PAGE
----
Imagining Justice: American Indian Tribal Laws of Criminal Responsibility

Imagining Justice: American Indian Tribal Laws of Criminal Responsibility
Fri November 5th 2021, 12:00 - 1:30pm PDT
Event Sponsor
Stanford Arts, Faculty Women's Forum, Center for Comparative Studies in Race and Ethnicity
Admission Information

Elizabeth A. Reese, Yunpoví (Tewa: Willow Flower) is a scholar of American Indian tribal law, federal Indian law, and constitutional law focusing on the intersection of identity, race, citizenship, and government structure. Her scholarship examines the way government structures, citizen identity, and the history that is taught in schools, can impact the rights and powers of oppressed racial minorities within American law.

Professor Reese is a nationally recognized expert on tribal law and federal Indian law and frequent media commentator on developments within the doctrine, particularly at the U.S. Supreme Court. Her scholarship on tribal law, constitutional law, popular sovereignty, and voting rights law has been published in Stanford Law Review, University of Chicago Law Review, Cardozo Law Review, and Houston Law Review.

Previously, Professor Reese worked at the National Congress of American Indians where she supported tribal governments across the country as they implemented expanded criminal jurisdiction over non-Indians under the 2013 Violence Against Women Act. Her comprehensive five-year report on the tribal prosecutions thus far—which documented not only outcomes and unforeseen complications but the surge of tribal law innovation brought on by expanded jurisdiction—has been widely cited everywhere from Congress to Supreme Court briefs. Reese began her legal career as a civil rights litigator at the NAACP Legal Defense and Educational Fund where she led a desegregation case in one of the largest school districts in Florida and worked on the challenge to Alabama’s Voter ID law.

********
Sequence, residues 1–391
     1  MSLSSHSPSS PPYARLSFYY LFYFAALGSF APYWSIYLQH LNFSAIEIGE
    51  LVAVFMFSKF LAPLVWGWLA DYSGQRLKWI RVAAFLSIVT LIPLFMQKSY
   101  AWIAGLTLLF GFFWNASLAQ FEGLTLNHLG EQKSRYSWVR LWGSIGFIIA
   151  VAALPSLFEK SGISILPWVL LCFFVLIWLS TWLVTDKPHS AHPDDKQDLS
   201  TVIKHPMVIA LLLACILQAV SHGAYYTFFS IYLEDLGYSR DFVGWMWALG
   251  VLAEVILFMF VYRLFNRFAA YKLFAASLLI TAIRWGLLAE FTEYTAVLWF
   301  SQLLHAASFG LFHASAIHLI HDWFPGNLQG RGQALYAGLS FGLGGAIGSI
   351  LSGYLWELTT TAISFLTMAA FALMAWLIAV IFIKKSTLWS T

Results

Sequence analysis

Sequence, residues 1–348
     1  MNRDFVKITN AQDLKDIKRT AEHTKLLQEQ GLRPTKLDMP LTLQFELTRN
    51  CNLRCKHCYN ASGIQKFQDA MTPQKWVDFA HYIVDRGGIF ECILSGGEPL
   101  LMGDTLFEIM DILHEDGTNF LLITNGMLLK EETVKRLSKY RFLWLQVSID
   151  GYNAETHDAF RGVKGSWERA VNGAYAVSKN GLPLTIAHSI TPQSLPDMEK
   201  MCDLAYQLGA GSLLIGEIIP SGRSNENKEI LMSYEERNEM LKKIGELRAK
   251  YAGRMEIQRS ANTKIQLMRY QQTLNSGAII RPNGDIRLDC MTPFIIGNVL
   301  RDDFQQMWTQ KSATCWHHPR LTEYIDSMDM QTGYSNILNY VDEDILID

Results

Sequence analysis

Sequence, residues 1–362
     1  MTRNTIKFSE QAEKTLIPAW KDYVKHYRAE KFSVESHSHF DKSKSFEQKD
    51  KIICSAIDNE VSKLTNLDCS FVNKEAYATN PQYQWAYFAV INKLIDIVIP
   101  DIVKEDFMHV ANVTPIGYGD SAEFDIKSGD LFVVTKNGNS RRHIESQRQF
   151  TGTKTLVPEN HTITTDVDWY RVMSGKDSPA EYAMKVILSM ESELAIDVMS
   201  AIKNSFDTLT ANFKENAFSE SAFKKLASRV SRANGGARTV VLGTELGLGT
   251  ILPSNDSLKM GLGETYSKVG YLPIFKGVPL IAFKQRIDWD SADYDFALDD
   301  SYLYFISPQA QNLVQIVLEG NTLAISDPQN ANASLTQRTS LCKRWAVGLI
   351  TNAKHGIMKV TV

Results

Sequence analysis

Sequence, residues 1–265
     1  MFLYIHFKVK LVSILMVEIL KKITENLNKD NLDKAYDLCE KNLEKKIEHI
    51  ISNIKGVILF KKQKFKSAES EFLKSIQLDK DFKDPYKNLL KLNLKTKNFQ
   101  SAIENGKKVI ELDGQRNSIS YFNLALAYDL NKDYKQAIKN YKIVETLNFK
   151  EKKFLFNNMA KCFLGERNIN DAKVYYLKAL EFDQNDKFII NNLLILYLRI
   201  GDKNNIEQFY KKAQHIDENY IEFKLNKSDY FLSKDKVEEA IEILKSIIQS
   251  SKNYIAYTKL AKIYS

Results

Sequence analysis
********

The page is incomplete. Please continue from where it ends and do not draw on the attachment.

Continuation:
Abby Abinanti, Yurok Chief Judge, is an enrolled Yurok Tribal member, she holds a Doctor of Jurisprudence from the University of New Mexico School of Law, and was the first California tribal woman to be admitted to the State Bar of California. She was a State Judicial Officer (Commissioner) for the San Francisco Superior Court for over 17 years assigned to the Unified Family Court (Family/Dependency/Delinquency). She retired from the Superior Court in September 2011 and on July 31, 2014 was reappointed as a part-time Commissioner for San Francisco assigned to Dependency, and Duty Judge for that Court where she served until 2015. She has been a Yurok Tribal Court Judge since 1997 and was appointed Chief Tribal Court Judge in 2007, a position she held in conjunction with her Superior Court assignment until 2015.